New York: Seneca Falls Summary

  • Last updated on November 10, 2022

Seneca Falls is the home of the Women’s Rights National Historical Park, established in 1980 as a tribute to the women’s rights movement. The park includes the home of activist Elizabeth Cady Stanton; the Wesleyan Chapel, where the Women’s Rights Convention of 1848 was held; Declaration Park, honoring women’s rights and the convention with a 140-foot waterfall cascading over the Declaration of Rights and Sentiments of Women etched in stone; and the McClintock house in the neighboring town of Waterloo. Also in Seneca Falls is the Urban Cultural Park, which examines the town’s contribution to the Industrial Revolution.

Site Office

Women’s Rights National Historical Park

136 Fall Street

Seneca Falls, NY 13148

ph.: (315) 568-2991, (315) 568-0024

Web site: www.nps.gov/wori/

Many of the nineteenth century reform movements have roots in Seneca Falls, New York. These movements, such as abolitionism, temperance, the Free-Soil Party, and women’s rights, have shaped the social fabric of the United States. Today, the town of approximately 7,370 is the site of several restored buildings relating to the women’s movement and the Industrial Revolution. Included in the historic region are the National Women’s Hall of Fame, Elizabeth Cady Stanton’s home, the Wesleyan Chapel, and the Urban Cultural Park.

Early History

Seneca Falls is a prime example of the transformation from rural agrarianism to twentieth century technology, from a paternalistic society to a more equally representative society. The town is located on the Seneca River along a series of waterfalls, which made it ideal for industrial development and as a commercial and transportation center. In 1782 New York State appropriated 1.6 million acres in the western part of the state for veterans of the Revolutionary War. The first white settler, Job Smith, portaged (transported around the falls on land) goods and settlers moving westward.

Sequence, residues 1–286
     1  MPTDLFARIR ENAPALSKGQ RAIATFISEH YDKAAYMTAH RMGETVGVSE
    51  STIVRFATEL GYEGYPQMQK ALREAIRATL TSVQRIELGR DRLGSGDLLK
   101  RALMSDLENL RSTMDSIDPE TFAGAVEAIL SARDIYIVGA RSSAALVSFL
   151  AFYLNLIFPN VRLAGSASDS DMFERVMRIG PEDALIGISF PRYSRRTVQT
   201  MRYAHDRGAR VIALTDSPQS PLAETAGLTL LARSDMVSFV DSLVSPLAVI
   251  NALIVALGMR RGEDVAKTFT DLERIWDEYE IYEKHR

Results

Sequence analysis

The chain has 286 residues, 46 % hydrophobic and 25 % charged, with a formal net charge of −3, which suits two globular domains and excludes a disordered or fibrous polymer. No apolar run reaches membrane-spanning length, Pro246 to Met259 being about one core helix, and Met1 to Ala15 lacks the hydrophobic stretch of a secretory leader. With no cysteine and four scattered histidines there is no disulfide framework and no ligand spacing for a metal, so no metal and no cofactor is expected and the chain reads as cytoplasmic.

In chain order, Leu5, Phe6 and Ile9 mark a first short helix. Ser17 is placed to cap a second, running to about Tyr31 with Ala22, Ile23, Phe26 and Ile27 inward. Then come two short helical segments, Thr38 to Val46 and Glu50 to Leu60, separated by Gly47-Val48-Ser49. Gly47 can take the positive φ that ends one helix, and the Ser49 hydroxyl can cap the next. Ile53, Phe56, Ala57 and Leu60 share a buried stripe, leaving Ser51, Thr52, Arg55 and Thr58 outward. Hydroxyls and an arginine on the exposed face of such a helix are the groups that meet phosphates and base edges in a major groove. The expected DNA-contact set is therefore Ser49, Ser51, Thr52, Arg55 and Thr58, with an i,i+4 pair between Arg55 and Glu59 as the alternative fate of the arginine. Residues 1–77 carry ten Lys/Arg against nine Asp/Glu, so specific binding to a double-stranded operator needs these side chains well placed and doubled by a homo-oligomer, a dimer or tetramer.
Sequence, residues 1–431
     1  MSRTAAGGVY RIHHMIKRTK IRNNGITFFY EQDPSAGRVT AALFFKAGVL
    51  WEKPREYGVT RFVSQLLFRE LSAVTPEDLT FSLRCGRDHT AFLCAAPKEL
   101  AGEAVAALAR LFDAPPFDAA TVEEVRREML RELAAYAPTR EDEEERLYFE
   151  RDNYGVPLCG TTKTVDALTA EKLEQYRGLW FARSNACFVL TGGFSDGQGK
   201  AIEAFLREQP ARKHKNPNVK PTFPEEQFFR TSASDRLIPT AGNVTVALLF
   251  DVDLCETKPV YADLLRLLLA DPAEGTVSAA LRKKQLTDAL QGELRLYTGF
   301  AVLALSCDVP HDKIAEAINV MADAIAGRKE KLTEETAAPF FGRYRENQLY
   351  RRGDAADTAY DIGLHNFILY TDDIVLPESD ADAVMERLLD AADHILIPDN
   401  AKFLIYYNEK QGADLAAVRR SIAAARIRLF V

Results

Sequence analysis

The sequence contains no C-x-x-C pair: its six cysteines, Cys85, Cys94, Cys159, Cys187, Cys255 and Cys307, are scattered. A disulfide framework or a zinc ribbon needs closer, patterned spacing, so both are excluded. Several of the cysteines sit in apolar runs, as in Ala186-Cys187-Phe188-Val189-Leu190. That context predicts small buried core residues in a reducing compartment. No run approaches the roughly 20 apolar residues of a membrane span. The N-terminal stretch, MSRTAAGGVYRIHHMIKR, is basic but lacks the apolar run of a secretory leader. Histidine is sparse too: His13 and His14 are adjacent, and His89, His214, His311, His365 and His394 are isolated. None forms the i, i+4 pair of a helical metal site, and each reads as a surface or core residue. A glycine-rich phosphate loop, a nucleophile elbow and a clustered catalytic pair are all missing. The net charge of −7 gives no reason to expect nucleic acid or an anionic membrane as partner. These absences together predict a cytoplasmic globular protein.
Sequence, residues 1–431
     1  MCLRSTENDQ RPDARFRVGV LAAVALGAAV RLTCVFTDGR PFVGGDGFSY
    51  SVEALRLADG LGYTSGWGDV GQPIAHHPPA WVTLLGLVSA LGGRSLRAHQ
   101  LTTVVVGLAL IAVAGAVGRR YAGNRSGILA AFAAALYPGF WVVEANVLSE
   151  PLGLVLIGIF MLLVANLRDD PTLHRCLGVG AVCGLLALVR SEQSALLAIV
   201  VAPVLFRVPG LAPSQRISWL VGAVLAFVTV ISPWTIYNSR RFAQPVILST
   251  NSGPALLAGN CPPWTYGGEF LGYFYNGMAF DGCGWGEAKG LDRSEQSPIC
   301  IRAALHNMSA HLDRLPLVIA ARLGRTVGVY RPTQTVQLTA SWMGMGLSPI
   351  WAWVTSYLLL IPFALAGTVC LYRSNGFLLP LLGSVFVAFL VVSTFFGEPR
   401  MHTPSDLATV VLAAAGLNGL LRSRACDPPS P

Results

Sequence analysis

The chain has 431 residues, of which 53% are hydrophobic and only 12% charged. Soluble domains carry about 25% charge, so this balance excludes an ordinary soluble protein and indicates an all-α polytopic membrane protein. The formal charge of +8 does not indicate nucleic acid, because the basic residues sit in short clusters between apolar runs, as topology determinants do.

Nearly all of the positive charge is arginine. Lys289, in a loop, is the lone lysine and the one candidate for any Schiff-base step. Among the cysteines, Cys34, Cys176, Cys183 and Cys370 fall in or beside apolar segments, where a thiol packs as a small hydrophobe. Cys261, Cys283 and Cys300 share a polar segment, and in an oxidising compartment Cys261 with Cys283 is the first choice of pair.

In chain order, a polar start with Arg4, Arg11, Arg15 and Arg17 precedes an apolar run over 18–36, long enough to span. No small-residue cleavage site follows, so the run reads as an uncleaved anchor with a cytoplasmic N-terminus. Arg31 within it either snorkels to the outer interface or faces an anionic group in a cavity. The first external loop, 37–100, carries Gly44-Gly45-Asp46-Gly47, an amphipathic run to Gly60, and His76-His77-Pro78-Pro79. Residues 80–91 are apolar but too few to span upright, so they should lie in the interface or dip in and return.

By 1794 the state had laid out the Great Western Road, which facilitated westward migration and established Seneca Falls as a terminus for moving individuals and goods around the falls. Western land speculation enticed individuals such as Stephen N. Bayard to purchase large tracts of land. The Bayard Company purchased much of the potentially commercial land in Seneca Falls in 1791. From 1794 to 1816, the company not only controlled the commercial navigation and production along the river but also constricted the town’s growth. By refusing to lease land or water rights, the company restricted competition and the variety of goods produced. The company operated mills to process raw materials and distribute them locally.

When the Seneca-Cayuga Canal opened in 1817, other industries began moving in, and in 1826 the Bayard Company divided its property among three stockholders who promptly sold the land to the townspeople. The town boomed. Within seven years the population increased from two hundred to two thousand, and diversified its industry to include flour milling, textiles, paper, and other small manufacturing enterprises. The Industrial Revolution had taken the village by storm, displacing the frontier and agricultural economy and making the town a regional trade and manufacturing center.

The Importance of Water